Latest News

Find out the latest news about the Track and the Foundation before you set off for your next walk.

  • What’s in a name?  Snottygobble

    12 April 2019

    Growing up in Baldivis, Trevor Walley knew a low shrub whose yellow-green fruits, which he called “snottygobbles”, were sought out as bush tucker.  The scientific name is persoonia saccata which is the shrub-like form and not as commonly seen as the persoonia longifolia picturedThe first popular book on Western Australian wildflowers, Emily Pelloes marvelous Wildflowers of Western Australia published in 1921, gives it the common name of ‘swottie bobs’.  The next popular publication, West Australian Wild Flowers, first published by the West Australian in 1935 and running too many reprints and new editions, did not mention persoonias at all.  By the publication of Rica Erickson et al’s Wildflowers of Western Australia in 1973, the whole genus persoonia was referred to as “snottygobbles’. Where did this odd name come from?

    A name’s origins

    Common names are part of the living, cultural heritage, reflecting ordinary people’s knowledge of the land around them.  As part of getting to know Australia, settlers would have transferred familiar name to unfamiliar, but vaguely similar plants.  A good example is the name ‘buttercup‘ given in Western Australia to species in the genus hibbertia, not at all related to the buttercup of Europe.  But they do have golden-yellow cup-shape flowers that spangle the bush in springtime.

    In the United Kingdom, yew trees have squishy fruits with a hard centre.  Growing up in Wiltshire, Penny Hussey called these fruits ‘snotty gogs’ (or snotty globs’) and remembers that naughty small boys liked to put them where a girl could inadvertently squidge them—like down the neck of her blouse.  The girls, of course, responded with obligatory squeals of disgust!  Arriving in WA, the children would soon have discovered any squishy fruits, especially if shown them by Aboriginal friends.  It is likely they simply transferred the name to their new land as an oral tradition.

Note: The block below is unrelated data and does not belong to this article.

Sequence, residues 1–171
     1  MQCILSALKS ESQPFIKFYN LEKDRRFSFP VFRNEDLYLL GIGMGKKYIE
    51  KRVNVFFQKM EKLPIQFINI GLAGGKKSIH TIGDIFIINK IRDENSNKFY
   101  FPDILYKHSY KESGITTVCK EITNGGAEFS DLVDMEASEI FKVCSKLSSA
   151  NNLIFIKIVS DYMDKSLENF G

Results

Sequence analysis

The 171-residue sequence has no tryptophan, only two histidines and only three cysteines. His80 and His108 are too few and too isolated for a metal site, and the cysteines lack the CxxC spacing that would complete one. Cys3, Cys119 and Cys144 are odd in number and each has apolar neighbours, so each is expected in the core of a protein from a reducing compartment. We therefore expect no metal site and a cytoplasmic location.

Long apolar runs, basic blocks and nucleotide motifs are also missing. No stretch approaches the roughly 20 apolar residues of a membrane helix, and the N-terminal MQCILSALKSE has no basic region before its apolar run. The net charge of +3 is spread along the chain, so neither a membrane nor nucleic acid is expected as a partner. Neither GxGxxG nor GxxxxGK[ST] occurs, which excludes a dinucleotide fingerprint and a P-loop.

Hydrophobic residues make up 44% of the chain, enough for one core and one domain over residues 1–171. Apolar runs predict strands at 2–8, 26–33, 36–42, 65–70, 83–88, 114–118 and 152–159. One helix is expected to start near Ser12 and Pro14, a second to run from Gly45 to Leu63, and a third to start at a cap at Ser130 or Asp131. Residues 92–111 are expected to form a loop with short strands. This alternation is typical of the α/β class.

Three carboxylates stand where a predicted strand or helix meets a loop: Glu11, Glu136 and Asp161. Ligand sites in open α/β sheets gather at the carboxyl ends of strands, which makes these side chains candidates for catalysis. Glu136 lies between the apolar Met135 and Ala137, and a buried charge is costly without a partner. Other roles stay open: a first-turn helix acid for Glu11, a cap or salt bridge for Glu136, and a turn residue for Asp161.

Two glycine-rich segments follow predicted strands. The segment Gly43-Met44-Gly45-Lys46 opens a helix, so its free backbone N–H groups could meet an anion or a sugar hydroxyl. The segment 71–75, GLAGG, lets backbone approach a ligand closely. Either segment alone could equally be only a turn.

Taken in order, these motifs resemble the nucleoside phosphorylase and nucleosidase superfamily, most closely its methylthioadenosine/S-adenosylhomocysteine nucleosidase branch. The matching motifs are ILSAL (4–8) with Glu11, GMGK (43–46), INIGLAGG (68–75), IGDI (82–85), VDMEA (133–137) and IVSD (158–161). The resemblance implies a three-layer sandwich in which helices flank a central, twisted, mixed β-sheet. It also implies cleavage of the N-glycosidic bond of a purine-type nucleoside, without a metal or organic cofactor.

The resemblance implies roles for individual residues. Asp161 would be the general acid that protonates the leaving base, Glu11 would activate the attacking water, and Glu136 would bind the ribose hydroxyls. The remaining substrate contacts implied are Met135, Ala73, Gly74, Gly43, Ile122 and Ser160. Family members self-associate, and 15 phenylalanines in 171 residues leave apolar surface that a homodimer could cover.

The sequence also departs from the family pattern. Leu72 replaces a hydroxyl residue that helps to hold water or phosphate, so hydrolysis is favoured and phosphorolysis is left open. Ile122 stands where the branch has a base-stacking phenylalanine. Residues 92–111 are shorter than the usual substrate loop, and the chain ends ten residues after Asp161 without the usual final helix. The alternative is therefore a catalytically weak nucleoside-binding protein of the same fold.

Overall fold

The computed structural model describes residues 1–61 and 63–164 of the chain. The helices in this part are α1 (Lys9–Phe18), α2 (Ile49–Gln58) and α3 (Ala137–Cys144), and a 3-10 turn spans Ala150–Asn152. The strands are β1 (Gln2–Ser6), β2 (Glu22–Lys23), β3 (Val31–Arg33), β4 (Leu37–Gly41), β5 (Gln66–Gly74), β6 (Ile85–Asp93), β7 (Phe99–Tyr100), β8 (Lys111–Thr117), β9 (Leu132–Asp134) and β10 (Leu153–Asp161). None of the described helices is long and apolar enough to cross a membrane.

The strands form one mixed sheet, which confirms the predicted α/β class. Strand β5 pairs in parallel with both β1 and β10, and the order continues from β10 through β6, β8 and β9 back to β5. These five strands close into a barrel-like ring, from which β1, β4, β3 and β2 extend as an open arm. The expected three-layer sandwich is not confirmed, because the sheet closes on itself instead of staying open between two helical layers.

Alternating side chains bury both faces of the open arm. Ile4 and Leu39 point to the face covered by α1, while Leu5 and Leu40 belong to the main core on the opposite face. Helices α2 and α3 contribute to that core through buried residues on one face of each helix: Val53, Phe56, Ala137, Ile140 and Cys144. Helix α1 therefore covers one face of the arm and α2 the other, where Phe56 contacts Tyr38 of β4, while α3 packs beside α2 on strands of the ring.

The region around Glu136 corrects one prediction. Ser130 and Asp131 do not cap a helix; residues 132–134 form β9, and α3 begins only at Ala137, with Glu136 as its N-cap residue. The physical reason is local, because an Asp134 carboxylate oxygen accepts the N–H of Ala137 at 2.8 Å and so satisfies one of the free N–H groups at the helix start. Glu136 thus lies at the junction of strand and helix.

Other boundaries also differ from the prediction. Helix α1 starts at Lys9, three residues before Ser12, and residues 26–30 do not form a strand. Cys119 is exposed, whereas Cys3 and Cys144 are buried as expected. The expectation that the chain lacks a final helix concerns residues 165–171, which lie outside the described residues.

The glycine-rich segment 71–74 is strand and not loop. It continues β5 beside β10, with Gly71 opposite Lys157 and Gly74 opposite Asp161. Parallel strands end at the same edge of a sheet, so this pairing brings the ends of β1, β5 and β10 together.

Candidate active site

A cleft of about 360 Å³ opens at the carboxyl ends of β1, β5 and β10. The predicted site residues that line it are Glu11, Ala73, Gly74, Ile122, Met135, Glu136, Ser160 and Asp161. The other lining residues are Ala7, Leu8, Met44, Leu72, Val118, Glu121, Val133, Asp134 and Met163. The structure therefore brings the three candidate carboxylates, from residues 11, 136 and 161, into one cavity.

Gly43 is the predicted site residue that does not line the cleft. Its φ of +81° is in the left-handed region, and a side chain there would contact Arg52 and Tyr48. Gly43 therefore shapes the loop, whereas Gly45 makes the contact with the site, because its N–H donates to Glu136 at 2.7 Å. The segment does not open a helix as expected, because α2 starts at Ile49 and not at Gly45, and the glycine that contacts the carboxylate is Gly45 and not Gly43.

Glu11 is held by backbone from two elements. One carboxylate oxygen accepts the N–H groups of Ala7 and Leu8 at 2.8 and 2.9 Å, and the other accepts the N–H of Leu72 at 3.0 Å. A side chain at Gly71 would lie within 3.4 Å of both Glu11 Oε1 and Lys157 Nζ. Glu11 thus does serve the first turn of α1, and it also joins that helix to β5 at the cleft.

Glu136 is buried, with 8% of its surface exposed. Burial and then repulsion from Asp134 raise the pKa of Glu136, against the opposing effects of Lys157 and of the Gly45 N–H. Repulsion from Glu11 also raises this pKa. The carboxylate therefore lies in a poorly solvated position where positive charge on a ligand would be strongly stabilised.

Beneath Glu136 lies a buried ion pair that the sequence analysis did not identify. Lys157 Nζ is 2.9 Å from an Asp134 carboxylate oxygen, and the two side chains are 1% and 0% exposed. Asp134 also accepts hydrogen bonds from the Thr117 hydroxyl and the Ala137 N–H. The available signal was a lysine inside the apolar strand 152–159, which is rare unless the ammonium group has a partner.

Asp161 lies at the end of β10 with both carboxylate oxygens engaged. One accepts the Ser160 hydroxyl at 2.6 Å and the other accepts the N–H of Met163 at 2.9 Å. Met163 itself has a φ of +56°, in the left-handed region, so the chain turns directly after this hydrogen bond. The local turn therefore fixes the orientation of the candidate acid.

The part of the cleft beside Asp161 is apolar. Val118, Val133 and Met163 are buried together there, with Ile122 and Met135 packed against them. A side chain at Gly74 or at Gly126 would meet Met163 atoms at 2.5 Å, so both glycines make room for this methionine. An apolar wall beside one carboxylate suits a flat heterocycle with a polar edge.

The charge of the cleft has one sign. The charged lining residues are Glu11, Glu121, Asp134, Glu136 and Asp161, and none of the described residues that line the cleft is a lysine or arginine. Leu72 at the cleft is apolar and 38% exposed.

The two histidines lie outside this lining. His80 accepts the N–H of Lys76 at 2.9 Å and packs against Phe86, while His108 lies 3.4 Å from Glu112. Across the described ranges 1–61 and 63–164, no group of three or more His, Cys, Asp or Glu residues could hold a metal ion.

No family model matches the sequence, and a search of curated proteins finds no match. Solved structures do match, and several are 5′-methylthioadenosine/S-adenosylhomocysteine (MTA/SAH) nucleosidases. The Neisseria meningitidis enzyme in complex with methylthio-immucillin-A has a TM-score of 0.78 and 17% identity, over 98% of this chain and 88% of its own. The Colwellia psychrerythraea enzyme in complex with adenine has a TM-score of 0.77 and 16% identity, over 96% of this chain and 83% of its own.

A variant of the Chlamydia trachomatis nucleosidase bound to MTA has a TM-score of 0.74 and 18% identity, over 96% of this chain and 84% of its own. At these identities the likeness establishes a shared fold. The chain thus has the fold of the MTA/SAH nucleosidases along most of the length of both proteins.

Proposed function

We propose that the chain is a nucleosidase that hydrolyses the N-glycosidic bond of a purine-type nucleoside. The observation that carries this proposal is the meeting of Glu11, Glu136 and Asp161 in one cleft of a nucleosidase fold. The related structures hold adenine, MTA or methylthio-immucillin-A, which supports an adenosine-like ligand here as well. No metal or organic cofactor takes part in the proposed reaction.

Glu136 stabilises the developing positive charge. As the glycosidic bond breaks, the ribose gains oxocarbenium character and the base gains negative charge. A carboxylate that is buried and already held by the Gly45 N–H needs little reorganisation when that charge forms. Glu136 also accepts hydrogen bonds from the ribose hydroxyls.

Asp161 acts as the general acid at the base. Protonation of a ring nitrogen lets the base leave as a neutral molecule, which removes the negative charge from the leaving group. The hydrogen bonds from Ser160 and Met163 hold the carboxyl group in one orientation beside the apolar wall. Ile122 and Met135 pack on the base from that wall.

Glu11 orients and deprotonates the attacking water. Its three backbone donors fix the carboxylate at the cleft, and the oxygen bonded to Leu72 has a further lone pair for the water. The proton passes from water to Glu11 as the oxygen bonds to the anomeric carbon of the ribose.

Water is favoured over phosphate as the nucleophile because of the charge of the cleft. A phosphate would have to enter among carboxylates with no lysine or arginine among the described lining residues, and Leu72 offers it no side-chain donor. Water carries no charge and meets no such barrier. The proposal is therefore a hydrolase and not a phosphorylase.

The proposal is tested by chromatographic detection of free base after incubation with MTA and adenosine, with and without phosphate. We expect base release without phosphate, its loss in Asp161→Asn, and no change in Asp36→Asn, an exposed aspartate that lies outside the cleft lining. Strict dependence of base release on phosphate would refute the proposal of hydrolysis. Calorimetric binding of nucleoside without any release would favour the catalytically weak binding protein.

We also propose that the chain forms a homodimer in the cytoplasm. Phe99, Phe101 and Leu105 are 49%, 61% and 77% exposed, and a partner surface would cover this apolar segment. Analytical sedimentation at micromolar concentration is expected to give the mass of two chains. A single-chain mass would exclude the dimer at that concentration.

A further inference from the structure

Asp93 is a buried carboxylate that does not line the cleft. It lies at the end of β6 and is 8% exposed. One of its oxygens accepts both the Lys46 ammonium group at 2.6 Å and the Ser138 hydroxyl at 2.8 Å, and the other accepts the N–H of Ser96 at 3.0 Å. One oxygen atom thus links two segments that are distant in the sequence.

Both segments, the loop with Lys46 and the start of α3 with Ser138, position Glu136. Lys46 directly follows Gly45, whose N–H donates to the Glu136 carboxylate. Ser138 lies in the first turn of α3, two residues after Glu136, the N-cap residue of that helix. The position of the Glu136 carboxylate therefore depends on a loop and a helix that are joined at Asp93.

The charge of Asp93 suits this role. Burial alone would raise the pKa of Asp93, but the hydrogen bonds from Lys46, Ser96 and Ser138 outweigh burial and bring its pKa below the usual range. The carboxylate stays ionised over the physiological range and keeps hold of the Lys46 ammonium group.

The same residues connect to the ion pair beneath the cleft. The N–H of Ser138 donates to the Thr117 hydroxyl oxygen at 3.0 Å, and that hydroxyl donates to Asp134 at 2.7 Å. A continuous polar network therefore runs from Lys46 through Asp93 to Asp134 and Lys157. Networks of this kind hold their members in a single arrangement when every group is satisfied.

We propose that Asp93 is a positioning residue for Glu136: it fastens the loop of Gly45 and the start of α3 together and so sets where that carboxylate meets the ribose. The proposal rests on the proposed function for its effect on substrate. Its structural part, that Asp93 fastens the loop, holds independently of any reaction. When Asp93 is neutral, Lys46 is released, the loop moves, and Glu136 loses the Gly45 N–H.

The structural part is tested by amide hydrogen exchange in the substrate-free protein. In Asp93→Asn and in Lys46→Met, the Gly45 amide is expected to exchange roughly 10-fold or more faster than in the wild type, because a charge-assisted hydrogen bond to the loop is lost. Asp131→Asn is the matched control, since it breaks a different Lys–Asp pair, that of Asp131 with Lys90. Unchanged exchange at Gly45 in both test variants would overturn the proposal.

Chinese whispers

    Such things were not written down until much later and can change during this time, especially if they were part of the lore and language of school children.  But once a name becomes formalised in a widely distributed publication, a common name ‘becomes‘ set.

    So this is how we think the name snottygobble got here –via settlers’ kids.  Although the plant was well known to be good bush tucker, alas no Nyoongar name—also transmitted in oral tradition—seems to have survived.  Perhaps all the kids just like the name ‘snottygobble’—it is a super word—so that’s the one that remained in use. 

  • Buy an Entertainment Book today to help support the Track!

    12 April 2019

    Introducing the 2019| 2020 Entertainment Book and the Entertainment Digital Membership with over $20,000 in value!

    The traditional Entertainment Book that comes with the Gold Card and vouchers


    The Entertainment Digital Membership that puts the value of the Entertainment Book into your iPhone or Android smartphone!